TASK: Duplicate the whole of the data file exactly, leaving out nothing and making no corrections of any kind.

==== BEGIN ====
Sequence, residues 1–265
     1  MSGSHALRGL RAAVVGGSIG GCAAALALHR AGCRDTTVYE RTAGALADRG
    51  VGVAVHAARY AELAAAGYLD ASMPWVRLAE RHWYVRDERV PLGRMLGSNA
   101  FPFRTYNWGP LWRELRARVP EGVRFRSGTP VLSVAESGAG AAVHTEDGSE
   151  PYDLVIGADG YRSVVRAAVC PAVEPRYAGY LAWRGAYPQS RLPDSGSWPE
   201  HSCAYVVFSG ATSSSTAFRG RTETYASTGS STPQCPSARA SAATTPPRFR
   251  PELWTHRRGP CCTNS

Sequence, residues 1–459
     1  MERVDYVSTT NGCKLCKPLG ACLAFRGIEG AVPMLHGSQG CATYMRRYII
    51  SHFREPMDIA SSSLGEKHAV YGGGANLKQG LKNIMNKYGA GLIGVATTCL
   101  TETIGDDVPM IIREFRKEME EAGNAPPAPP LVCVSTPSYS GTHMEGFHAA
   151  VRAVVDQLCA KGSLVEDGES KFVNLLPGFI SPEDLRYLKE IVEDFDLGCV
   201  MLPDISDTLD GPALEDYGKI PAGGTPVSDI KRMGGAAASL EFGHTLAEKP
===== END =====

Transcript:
Sequence, residues 1–265
     1  MSGSHALRGL RAAVVGGSIG GCAAALALHR AGCRDTTVYE RTAGALADRG
    51  VGVAVHAARY AELAAAGYLD ASMPWVRLAE RHWYVRDERV PLGRMLGSNA
   101  FPFRTYNWGP LWRELRARVP EGVRFRSGTP VLSVAESGAG AAVHTEDGSE
   151  PYDLVIGADG YRSVVRAAVC PAVEPRYAGY LAWRGAYPQS RLPDSGSWPE
   201  HSCAYVVFSG ATSSSTAFRG RTETYASTGS STPQCPSARA SAATTPPRFR
   251  PELWTHRRGP CCTNS

Sequence, residues 1–459
     1  MERVDYVSTT NGCKLCKPLG ACLAFRGIEG AVPMLHGSQG CATYMRRYII
    51  SHFREPMDIA SSSLGEKHAV YGGGANLKQG LKNIMNKYGA GLIGVATTCL
   101  TETIGDDVPM IIREFRKEME EAGNAPPAPP LVCVSTPSYS GTHMEGFHAA
   151  VRAVVDQLCA KGSLVEDGES KFVNLLPGFI SPEDLRYLKE IVEDFDLGCV
   201  MLPDISDTLD GPALEDYGKI PAGGTPVSDI KRMGGAAASL EFGHTLAEKP